The newspaper and press reviews of the show praised the show for the exoticness it showed and for the quality of the production. On the 13th of November 1983 Le Mond newspaper's headline read “Le triomphe du tango a Paris”(The triumph of tango in Paris). The article continued, “On Friday, the 2,500 spectators gave a standing ovation in the Theatre musical de Paris to the premiere of the show <<Tango Argentin>>, directed by Claudio Segovia…The place for the true tango. Between men and women with the sound of monotonous chants charged of sensuality. The scenario is always the same: approach, seduction, hesitation, conquest, heat, rebellion and finally death like when a child is seduced by a slick hooligan, perishing under his dagger. Brutal. On stage, an orchestra of 12 musicians - the <<Sexteto Mayor>>, five singers, six couples of dancers. The men have the look of macho seducers and the girls have the incandescent glance which gives shivers everywhere.” The Liberation newspaper on the 14th of November 1983 had a headline that said, “The bandoneón keels over, the bodies seduce, the voices charm: <<tango argentin>>, thirty three Porteños for a magic evoked in black and white.” The article continued, “The tango had never really disappeared from Paris… and it lived sparsely, without history, in the dance halls…Imagine a ‘digest’ of the Old and New Testament. Claudio Segovia and Héctor Orezzoli, in charge of 31 participants… and with all the repertoire, all sounds, all steps and especially all ambiguities which make the tango. The entrance of the dancers is already in itself a short cut of the philo-tangosophie: the three couples which penetrate the stage are male and awkward, thus with the manliness learned between them, they seduce the senoras … they have already made the bed of the tango… It is true that the first evening, the choreographies appeared in precarious equilibrium in the premiere, but by the second evening everything was forgotten with the embroideries of Horácio Salgán, the voices going between caress and danger of the three female singers, and the perilous scissor-like legs of Juan Carlos Copes and María Nieves.” The article gave particular praise to Jorge Luz and Roberto Goyenéche, “There remain two characters whom one regrets not seeing more of on stage: Jorge Luz, dazzling actor who, dressed up in drag plays the one hundred year old hero of vicissitudes, does a duet with a rubber lamppost, until he makes love to it. It is a laughing evocation of a man who knows how to be exempt from drama. And then Roberto Goyenéche, pathetic silhouette and voice who can dry any throat only by singing the Porteño phonebook, petrified a whole room while singing La Última Curda.” One of the headlines of an article on the show in the early days after the debut read, “One step of Virulazo is worth ten choreographies of Bejart.” This is a reference to the modern dance choreographer Maurice Bejart and his modern dance ballet. One must understand that at that time in Europe, Bejart was at the height of his success and to compare a completely unknown street dancer from Argentina to him, and claim that only one single step of the latter was more valuable than entire choreographic works of the other, really is quite high praise. The writing was already on the wall and not only was this show going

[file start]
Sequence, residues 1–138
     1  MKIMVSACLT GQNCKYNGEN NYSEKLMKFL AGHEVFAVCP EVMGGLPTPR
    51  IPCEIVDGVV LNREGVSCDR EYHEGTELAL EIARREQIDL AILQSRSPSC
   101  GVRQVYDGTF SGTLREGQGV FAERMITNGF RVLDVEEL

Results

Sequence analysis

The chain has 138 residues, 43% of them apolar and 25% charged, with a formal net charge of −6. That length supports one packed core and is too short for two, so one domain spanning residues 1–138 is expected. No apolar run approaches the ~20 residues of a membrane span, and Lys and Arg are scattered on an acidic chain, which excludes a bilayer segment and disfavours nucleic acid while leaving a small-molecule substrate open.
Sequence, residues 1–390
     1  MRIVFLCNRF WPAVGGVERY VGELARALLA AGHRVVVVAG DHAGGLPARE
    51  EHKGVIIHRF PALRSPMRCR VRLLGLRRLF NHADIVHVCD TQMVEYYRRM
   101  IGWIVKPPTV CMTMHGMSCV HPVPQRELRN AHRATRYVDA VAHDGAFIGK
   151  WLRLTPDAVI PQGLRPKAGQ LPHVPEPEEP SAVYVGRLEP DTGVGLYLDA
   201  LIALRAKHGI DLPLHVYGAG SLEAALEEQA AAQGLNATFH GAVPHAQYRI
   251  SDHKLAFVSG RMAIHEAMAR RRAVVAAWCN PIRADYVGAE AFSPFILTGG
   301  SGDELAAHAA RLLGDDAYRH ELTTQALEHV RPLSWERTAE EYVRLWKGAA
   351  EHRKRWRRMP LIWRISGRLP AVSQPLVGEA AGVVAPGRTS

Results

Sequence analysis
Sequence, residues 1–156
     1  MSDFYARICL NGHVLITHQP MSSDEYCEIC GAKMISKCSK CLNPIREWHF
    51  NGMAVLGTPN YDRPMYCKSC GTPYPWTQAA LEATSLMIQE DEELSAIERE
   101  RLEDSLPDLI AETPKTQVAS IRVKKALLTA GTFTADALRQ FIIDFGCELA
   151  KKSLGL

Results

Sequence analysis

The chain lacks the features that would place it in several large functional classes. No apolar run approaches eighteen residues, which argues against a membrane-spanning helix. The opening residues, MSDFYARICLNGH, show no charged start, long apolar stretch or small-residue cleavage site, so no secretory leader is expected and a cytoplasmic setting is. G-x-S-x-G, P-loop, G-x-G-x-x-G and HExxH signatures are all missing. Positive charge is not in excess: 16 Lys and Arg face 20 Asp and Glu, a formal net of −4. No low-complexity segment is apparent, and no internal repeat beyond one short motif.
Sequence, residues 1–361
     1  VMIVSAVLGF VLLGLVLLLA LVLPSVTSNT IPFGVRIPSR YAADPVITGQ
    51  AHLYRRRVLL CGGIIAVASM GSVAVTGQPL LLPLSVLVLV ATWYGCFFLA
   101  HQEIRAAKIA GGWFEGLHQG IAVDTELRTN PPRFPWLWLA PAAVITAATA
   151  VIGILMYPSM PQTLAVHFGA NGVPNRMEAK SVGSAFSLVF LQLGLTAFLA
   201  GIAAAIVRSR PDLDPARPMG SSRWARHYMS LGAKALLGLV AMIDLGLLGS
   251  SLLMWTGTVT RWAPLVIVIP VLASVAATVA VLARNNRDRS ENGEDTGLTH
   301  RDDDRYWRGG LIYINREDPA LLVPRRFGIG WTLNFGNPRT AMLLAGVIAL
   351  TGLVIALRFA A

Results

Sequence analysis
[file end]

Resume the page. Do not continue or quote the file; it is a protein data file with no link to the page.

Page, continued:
to change the course of history, but the dance form was going to change many things as well. These were exciting times. One reviewer, Rene Sirvin, wrote in an article on Monday, the 14th of November 1983, “The dances are very varied. Dances of salon, cabaret, tango on point, a parody number, dance between men, between women and between girls, dances of competition, of seduction, dance-passion and dance of death. The tango is all that, the most dramatic and most expressive of all the dances.” Rene finished the article with these words to the public, "The voices split open the air, the heels stamp the floor, the music stirs the blood. Don't miss this invitation to dance. It is unique."

Demand for tickets reached a high as the days went by and time came for the show to pack up. Ticket scalpers and resellers lined the streets trying to sell tickets at exorbitant prices. People stood in the cold, snowy, wintery Paris streets with signs that said, “Please don’t go! Please stay forever!” The last night it was decided to open the doors to the theater and let all those who had no tickets enter to have the opportunity to see the show. People were seated in the aisles, on top of people, sharing seats. There were even people out in the avenue looking in through the open doors, down the aisle onto the stage. It was a craziness one would expect from a

rock concert, not a tango show. But it was obvious this was not a mere tango show, but rather muchmore than that, and soon the world would see. Such was the popularity of the show and the artists in it that the prestigious fashion magazine Vogue did a six page photo shoot with the dancers from the show. Juan Carlos Copes, María Nieves, Nelson, Cecilia Narova, Claudio Segovia and Héctor Orezzoli posed in tango poses in the latest fashions by big name designers such as Lorís Azzaro and Emanuel Ungaro. There were even photos of Segovia doing a "boleo" with Nieves. After the miracle that had just occurred it was time to go back home to Buenos Aires. This time not on a military cargo plane, but on Air France.